Prostitution is one of the worst and most alarming social issues that countries globally are facing nowadays. Known generally as the world’s oldest trade or profession, prostitution is widely considered as one of the dark sides of a society. However, with the modern twists and turns in every society, the negative image of prostitution has been starting to become favorable in many countries worldwide. And this emergence of prostitution as a favorable or a tolerated industry is best manifested by the increasing number of countries that become in favor of its legalization—one of such is Canada. Studying the prevalence of prostitution in Canada, what are the laws that support sex trade in that country?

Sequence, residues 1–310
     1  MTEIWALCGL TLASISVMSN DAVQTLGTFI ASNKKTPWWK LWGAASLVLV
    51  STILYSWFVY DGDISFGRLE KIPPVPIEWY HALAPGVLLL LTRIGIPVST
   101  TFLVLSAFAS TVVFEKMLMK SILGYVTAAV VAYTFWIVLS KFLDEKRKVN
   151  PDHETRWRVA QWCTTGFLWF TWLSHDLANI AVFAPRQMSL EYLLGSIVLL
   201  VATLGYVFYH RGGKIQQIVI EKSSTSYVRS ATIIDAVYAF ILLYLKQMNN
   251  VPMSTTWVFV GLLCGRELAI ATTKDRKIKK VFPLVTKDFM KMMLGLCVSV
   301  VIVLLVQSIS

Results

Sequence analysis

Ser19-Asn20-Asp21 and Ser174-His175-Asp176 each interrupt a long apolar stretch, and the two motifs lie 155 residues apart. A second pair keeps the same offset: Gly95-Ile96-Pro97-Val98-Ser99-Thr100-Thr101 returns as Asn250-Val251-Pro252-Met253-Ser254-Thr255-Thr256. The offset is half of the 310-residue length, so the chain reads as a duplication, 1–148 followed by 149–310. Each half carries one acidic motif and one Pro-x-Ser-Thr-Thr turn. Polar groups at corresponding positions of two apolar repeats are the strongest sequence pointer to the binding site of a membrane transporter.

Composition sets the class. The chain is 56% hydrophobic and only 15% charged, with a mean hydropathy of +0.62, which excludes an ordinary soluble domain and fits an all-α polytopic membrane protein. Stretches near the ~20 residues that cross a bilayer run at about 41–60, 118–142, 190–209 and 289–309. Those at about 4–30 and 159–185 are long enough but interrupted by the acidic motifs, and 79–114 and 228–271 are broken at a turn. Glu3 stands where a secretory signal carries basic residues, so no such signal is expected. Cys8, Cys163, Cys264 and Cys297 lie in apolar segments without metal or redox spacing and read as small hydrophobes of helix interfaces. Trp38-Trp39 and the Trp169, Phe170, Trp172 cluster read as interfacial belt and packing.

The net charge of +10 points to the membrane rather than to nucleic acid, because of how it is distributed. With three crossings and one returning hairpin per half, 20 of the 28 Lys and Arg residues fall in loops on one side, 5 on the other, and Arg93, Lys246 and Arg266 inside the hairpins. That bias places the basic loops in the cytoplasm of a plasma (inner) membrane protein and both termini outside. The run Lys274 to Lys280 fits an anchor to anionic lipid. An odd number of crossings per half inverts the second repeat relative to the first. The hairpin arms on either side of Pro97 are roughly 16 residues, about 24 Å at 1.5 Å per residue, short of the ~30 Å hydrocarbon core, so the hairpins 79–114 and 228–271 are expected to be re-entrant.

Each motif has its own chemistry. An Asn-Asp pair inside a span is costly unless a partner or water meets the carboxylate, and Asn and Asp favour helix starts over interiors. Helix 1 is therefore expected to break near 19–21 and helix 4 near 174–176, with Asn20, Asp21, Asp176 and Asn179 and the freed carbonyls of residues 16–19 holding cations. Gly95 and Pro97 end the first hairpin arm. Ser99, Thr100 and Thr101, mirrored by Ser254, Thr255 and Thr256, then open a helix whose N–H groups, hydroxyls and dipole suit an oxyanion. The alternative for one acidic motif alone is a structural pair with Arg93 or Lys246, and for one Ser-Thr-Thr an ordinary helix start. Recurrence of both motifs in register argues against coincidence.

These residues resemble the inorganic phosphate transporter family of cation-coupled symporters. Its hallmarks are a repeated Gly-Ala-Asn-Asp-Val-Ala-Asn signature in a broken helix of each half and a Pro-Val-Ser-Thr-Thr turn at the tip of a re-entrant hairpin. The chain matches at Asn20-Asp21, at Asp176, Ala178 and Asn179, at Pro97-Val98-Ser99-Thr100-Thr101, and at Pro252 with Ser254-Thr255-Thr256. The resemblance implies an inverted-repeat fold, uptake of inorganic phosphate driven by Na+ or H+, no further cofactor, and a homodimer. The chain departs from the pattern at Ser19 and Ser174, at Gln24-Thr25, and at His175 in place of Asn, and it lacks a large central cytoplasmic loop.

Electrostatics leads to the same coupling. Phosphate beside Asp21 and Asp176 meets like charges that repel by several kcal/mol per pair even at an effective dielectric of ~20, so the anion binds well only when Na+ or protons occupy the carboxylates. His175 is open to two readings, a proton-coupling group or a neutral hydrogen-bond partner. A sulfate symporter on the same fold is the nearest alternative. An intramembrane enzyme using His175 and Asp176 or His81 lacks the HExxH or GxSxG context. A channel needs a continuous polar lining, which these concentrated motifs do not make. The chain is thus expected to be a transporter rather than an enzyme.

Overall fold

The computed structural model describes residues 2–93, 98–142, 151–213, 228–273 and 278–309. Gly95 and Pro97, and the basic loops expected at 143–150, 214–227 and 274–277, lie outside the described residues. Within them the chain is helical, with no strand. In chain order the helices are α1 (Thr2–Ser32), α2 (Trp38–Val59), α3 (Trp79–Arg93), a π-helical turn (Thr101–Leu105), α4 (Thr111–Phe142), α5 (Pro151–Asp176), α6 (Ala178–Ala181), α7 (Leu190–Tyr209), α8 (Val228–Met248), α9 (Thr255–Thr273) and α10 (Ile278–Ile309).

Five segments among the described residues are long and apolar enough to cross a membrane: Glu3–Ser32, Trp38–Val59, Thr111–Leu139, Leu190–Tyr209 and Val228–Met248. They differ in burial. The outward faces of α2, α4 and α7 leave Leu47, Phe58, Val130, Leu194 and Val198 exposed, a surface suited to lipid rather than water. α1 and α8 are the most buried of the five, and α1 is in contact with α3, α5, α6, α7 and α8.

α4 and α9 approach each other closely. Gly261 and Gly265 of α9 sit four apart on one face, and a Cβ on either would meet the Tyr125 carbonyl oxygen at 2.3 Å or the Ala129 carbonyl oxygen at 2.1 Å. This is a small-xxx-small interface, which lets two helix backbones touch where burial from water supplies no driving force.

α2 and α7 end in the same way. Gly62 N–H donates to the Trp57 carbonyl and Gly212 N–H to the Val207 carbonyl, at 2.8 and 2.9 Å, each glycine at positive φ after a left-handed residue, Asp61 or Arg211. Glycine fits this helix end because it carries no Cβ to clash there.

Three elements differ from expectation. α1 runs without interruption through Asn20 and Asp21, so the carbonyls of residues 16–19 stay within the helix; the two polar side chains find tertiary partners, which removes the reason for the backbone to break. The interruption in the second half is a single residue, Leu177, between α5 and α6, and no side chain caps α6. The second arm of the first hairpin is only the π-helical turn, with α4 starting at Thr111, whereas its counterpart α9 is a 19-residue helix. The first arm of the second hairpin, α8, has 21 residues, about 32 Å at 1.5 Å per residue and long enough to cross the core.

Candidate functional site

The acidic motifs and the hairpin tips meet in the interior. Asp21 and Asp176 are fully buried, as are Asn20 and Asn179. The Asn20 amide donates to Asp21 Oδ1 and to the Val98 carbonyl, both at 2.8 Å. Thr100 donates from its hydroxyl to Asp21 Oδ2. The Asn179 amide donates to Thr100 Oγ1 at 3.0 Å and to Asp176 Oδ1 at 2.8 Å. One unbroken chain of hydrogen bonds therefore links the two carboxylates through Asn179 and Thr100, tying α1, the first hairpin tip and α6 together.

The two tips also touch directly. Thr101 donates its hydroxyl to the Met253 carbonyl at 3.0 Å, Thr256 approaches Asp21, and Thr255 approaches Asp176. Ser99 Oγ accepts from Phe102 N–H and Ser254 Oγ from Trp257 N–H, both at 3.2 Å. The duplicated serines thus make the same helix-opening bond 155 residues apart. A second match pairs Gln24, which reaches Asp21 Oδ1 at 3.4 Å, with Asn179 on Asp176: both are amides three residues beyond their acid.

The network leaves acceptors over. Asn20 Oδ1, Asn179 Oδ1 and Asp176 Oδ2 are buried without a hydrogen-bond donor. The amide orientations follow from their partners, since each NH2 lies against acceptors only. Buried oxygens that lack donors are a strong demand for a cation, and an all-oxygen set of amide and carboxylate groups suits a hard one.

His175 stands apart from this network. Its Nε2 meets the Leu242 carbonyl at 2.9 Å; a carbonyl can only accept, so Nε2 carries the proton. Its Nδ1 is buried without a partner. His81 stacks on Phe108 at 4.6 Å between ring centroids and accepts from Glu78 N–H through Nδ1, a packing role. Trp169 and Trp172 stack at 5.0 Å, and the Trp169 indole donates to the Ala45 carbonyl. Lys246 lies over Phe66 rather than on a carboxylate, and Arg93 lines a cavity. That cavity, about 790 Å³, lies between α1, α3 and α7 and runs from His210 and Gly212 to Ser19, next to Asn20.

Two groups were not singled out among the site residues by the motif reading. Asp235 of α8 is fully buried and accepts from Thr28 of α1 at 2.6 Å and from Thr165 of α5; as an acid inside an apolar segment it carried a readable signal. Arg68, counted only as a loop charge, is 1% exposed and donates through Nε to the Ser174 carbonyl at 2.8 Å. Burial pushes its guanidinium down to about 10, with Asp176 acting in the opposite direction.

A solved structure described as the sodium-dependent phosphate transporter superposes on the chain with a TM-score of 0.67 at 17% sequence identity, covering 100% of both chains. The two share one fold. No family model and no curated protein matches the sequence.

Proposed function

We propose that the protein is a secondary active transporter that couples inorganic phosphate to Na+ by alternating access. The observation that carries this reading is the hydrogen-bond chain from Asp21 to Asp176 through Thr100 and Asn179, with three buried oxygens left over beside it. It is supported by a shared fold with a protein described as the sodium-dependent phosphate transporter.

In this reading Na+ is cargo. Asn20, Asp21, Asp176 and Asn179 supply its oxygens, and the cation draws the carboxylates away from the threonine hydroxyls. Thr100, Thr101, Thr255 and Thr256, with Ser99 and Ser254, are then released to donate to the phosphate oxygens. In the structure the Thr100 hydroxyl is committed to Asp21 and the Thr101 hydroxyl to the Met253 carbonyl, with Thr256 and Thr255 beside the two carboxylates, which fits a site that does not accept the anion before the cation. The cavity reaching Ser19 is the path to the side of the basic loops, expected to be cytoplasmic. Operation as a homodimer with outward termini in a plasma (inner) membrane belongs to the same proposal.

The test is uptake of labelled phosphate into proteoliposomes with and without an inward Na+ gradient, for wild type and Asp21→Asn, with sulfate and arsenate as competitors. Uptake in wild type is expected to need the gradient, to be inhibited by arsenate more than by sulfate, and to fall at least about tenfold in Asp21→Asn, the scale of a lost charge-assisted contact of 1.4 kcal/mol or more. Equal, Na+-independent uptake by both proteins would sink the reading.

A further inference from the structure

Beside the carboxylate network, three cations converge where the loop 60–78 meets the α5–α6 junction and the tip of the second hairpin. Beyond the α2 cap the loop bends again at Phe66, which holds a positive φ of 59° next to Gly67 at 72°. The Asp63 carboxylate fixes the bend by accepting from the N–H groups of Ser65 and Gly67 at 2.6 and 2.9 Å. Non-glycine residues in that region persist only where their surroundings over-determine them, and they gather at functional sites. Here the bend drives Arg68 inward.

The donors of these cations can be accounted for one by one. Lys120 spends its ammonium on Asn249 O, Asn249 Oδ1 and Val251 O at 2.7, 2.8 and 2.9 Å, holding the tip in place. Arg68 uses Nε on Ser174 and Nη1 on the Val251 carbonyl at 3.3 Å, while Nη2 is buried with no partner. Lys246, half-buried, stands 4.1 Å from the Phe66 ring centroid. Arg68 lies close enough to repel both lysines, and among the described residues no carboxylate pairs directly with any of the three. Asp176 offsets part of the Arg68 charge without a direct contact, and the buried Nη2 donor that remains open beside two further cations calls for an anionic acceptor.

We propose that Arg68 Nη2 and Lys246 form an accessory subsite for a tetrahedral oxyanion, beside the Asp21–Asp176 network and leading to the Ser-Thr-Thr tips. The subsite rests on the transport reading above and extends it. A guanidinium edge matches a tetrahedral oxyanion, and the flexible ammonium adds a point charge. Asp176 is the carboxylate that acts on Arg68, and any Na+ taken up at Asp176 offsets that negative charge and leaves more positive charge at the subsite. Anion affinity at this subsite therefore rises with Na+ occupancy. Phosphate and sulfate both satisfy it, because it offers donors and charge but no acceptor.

The status of the prostitution laws in Canada is often misunderstood, attributable to the fact that the government actually fails to define prostitution—its take on it, and the limits and coverage of the laws its officials have legislated pertaining to it. Prostitution in Canada is generally supposed as legal as there are actually no laws that prohibit its occurrence or availability (Morton, Klein, and Gorzalka, 2012). However, there are still laws pertaining to sex trade that do not directly prohibit it but narrow the conditions under which it can occur (Morton et al., 2012). Such laws include Criminal Code section 210 and section 211 or the bawdy-house laws which state that it is illegal to either “keep or be found within a common bawdy-house” (Morton et al., 2012, p. 230). Another law that impedes the availability and occurrence of prostitution in Canada is the Criminal Code section 213 or the “communication law” which prohibits any form of communication done in the name of sex trade or sexual exploitation (Morton et al., 2012). The Criminal Code section 212, the law that deems it illegal for someone to live “on the avails of prostitution as well as procuring individuals into prostitution” (Morton et al., 2012, p. 230), which also prohibits participation in any sex trade that involves minors below the age of 18 (Morton et al., 2012), are just some of the laws implemented in Canada that obstruct the availability and prevalence of prostitution. However, these laws, despite being effective in intervening with the sex trade that happens in the country, do not directly prevent or prohibit the very act of prostitution. Consequently, prostitution in Canada is relatively more prevalent compared to countries that criminalize the very act of prostitution. But just recently, the state of the abovementioned prostitution laws in Canada has suffered another blow after an Ontario Superior Court judge declared their removal upon deciding that they are unconstitutional (Morton et al., 2012). As a response, both Ontario and the federal government of Canada appealed the decision, making the future of the three laws uncertain (Morton et al., 2012). Furthermore, the removal of the prostitution laws described in brief above is followed by the possible legalization of prostitution in Canada as the only fundamental laws that somehow control its prevalence are now gone.